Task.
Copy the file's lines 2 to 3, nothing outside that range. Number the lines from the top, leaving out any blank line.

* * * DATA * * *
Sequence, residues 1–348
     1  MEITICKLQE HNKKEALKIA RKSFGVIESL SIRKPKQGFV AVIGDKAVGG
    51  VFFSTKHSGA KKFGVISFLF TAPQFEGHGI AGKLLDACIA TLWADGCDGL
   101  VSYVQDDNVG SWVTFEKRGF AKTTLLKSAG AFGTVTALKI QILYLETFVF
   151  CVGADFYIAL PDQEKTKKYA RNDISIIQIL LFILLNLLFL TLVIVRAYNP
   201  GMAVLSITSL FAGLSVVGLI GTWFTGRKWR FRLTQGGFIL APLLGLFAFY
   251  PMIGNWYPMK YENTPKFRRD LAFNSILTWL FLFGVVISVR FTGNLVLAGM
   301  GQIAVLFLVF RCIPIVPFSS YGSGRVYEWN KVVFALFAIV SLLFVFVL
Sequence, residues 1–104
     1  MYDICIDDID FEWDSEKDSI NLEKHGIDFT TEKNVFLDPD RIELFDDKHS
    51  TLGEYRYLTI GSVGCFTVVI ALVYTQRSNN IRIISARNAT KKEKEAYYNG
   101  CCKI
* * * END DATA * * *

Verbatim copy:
     1  MEITICKLQE HNKKEALKIA RKSFGVIESL SIRKPKQGFV AVIGDKAVGG
    51  VFFSTKHSGA KKFGVISFLF TAPQFEGHGI AGKLLDACIA TLWADGCDGL